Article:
Stay ahead – join The Drum +

Phone-hacking trial: After seven months of evidence jury retires to consider verdicts

The trial of former News International chief executive Rebekah Brooks, the prime minister's former director of communications Andy Coulson and six others began at the Old Bailey on 28 October. The Drum will be in court for the duration of the trial, which is expected to last at least four months, and will provide comprehensive updates on this blog.

The trial is scheduled to examine seven counts that include conspiracy to intercept communications in the course of their transmission, conspiracy to commit misconduct in public office, and conspiracy to pervert the course of justice.

Coverage will be provided by James Doleman, who was acclaimed for his exhaustive and responsible reporting of the Tommy Sheridan perjury trial.

Court: Rebekah Brooks and Andy Coulson

  • Judge finishes summing up
  • "Snagging list" of errors corrected
  • Jury re-sworn before retiring to consider verdicts
  • Court reconvened just after two o'clock for it's final session before the jury retired to consider their verdict. Judge Saunders concluded his summing up by going through articles from the Sun newspaper while Rebekah Brooks was editor which, the prosecution say, were sourced from a Ministry of Defence civil servant, Bettina Jordan-Barber. The judge reminded the jury that there were 11 emails where Brooks approved payment for the stories, the defence case is that the former editor was not made aware that the source was a public official.

    After reading through the list of stories and accompanying emails, Judge Saunders told the jury that the main question they had to consider Brooks' state of knowledge at the time she was asked for payment. He noted that in her evidence the former editor had said she would have agreed to pay a public official for some of these stories as she believed they were "in the public interest", exposing issues such as bullying in the armed forces which the Ministry of Defence may have tried to cover up.

    The judge then turned to his "snagging list" of errors he had made during his three day summing up. This included getting the date wrong of when an email was received by Brooks, the source of a list witness Dan Evans mentioned and a mix-up over who recorded a message left by Jude Law. Saunders also told the jury that he had been asked to point out that in their search for the source of the Royal directories the police had not fingerprinted members of the "Royal household". "It would have been quite a job," Saunders added, as there are around 1,200 people who are considered part of it.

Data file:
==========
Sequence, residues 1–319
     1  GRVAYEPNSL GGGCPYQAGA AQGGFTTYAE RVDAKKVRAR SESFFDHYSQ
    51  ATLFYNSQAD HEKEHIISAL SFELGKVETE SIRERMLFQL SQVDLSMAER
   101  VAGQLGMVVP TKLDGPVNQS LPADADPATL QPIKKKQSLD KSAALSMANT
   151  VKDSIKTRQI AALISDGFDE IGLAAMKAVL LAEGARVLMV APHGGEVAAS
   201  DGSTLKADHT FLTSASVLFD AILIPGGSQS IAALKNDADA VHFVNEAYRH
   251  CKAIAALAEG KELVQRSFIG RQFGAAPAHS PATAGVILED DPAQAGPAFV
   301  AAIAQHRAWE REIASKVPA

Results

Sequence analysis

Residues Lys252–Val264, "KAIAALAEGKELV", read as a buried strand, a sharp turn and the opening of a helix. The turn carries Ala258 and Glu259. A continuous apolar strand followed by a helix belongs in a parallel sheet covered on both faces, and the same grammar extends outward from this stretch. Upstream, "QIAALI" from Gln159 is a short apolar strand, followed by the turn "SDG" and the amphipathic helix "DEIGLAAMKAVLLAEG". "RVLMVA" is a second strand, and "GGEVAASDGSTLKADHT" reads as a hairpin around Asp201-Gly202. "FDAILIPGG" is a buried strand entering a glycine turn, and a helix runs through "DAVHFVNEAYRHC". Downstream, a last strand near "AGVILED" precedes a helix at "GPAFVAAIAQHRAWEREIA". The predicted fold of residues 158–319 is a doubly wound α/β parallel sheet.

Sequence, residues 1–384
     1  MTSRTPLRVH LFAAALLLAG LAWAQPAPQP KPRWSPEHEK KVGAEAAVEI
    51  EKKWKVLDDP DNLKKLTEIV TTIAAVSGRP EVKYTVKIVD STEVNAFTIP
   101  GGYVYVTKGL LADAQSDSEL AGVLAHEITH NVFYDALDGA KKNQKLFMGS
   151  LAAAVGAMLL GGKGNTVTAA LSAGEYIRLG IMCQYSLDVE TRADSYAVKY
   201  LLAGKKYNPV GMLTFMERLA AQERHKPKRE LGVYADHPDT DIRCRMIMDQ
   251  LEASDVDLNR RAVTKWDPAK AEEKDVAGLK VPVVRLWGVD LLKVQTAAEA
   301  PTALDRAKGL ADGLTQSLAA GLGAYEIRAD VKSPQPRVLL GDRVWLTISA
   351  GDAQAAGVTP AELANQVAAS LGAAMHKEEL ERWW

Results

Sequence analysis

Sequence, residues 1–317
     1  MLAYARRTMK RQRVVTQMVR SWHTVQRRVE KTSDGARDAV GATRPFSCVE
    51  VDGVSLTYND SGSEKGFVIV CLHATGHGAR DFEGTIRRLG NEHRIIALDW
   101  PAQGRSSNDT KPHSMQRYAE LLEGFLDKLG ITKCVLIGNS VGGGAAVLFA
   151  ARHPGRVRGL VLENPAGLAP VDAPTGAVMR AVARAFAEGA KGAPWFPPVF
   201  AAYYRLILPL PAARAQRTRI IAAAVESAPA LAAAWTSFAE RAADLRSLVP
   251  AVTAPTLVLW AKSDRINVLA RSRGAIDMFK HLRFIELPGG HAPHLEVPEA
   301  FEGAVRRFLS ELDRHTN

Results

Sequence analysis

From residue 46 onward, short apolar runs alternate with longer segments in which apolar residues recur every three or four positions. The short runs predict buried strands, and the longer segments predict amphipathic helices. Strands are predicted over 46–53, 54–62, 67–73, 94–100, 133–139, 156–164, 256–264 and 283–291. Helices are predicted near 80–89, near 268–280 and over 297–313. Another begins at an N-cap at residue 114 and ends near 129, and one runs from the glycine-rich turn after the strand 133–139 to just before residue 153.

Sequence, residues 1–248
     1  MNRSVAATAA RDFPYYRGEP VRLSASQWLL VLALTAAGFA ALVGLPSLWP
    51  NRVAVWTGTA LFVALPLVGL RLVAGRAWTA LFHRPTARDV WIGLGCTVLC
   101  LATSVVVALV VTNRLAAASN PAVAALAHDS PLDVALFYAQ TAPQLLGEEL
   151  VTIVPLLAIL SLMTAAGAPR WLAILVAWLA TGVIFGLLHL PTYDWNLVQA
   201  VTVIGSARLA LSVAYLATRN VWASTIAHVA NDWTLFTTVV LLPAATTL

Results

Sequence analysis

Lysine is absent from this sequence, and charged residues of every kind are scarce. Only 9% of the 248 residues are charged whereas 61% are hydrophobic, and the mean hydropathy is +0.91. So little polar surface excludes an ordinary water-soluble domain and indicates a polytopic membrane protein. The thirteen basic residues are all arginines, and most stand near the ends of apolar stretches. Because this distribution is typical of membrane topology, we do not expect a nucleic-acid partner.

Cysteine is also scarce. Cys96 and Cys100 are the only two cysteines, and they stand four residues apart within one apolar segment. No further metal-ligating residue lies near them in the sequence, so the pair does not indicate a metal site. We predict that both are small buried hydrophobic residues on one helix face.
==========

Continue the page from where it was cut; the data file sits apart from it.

The jury were then shown an electronic index designed to help them find documents they might wish to consult during their deliberations. Judge Saunders told them this was to help them but certain items, such as newspaper bundles, were not included. The index will be placed on an external hard drive and placed on a computer containing no files. The scale of the number of documents the jury will have to consider can be estimated by the fact the index alone is 304 pages.

    Mr Saunders then told the jury that if they needed any explanation of law or a piece of evidence while they were considering their verdict they should tell him. He told them that they "were under no pressure of time" and should act according to their oath. The judge told the jury they should concentrate only on the evidence they heard in court. Mr Justice Saunders said that "it had been a privilege to work with you" and the jury were then re-sworn and left the court to consider their verdict.

    The Drum's James Doleman will be stationed at the Old Bailey until the jury arrive back with their verdicts in one of the biggest media trials Britain has ever seen. You can read more of The Drum's daily trial coverage here

    By continuing to use The Drum, I accept the use of cookies as per The Drum's privacy policy